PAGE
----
Who builds, owns and ultimately foots the bill for building transmission lines? US policy has long maintained that whoever benefits from transmission lines must help shoulder the costs.
But some claim that a June 2010 Federal Energy Regulatory Commission (FERC) proposal, which outlined pricing mechanisms for the construction of new transmission lines, defined “benefits” too loosely and that utilities, and ultimately their customers, are unfairly paying the price.
The debate began when renewable generators began to build new transmission to support remote projects like wind turbines and offshore projects. Traditional pricing mechanisms require all power companies in a specific region to chip in for the cost of transmission, as it is assumed that all will benefit from the construction. But a set of power generators have put up a staunch fight against new FERC guidelines, even though the language has been dramatically softened to accommodate some of the concerns of incumbent power companies.
“The proposed rule would establish a closer link between transmission planning processes and cost allocation and would require cost allocation methods for intraregional and interregional transmission facilities to satisfy newly established cost allocation principles,” says the June 2010 FERC document, Transmission Planning and Cost Allocation by Transmission: Owning and Operating Public Utilities.
Instead of a blanket national rule, the FERC ruling charges power regions to develop their own cost allocation plans. But for some, this is still not enough.
A View From Old Man Sam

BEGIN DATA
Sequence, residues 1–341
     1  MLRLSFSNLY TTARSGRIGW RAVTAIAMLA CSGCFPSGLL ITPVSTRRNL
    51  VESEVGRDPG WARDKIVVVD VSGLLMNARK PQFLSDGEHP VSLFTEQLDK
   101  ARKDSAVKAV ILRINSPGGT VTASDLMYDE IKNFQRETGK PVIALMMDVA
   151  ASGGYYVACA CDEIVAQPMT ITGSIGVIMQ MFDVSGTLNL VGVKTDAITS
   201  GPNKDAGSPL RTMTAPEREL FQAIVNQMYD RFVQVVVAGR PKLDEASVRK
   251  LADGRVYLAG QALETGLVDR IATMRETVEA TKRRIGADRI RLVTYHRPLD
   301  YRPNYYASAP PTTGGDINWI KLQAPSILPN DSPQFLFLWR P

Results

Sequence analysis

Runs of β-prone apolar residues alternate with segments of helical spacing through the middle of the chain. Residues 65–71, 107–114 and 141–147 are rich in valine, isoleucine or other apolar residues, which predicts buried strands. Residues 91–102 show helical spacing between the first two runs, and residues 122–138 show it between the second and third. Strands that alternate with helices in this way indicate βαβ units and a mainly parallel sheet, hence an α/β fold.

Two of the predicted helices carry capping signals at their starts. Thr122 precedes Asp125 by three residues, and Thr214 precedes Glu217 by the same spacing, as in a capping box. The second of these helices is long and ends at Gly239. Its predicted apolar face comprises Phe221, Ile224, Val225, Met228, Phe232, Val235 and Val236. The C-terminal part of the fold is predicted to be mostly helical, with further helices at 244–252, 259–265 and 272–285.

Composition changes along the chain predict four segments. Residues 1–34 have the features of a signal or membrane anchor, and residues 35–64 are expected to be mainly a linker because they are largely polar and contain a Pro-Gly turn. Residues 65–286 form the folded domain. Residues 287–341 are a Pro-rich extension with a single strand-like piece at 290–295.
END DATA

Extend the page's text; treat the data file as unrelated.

A group of power companies opposed to the FERC ruling is represented by the Coalition for Fair Transmission Policy, headed by Bruce Edelston. Edelston told Breaking Energy that while FERC has traditionally regulated transmission construction, the language of the most recent proposal does not protect incumbent power generators from irresponsible transmission projects proposed by newer local generation companies. Consumers, he said, will ultimately pay the extra price on their electricity bill, whether or not they support the new wind turbine construction in their region.
“FERC action on cost allocation for new transmission should ensure the lowest reasonable cost to consumers, not the largest possible subsidies to clean energy developers and transmission companies,” Edelston wrote in a recent Op-Ed in the Hill’s Congress Blog. A spokesperson for the Coalition told Breaking Energy the Op-Ed represented his group’s statement on the subject.
He claimed that Michigan consumers already experienced unfair price hikes when FERC authorized the construction of new transmission lines across 13 Midwestern states. Although the lines were built to support wind farms in other states, Michigan utilities–and ultimately their customers–will have to pay as much as 20% of the $16 billion cost.
“There is no problem that needs to be solved,” Edelson said, referring to the rule. If a renewable energy project is built by a certain company for a specific customer base, those parties–the only ones truly benefiting from it, in his view–should be the only ones responsible for its cost.
In February, Senators Ron Wyden (D-OR), Bob Corker (R-TN), Lisa Murkowski (R-AK), Richard Burr (R-NC), and Lindsey Graham (R-SC) initiated S.400 bill in Congress that would provide a replacement pricing mechanism to the FERC proposal.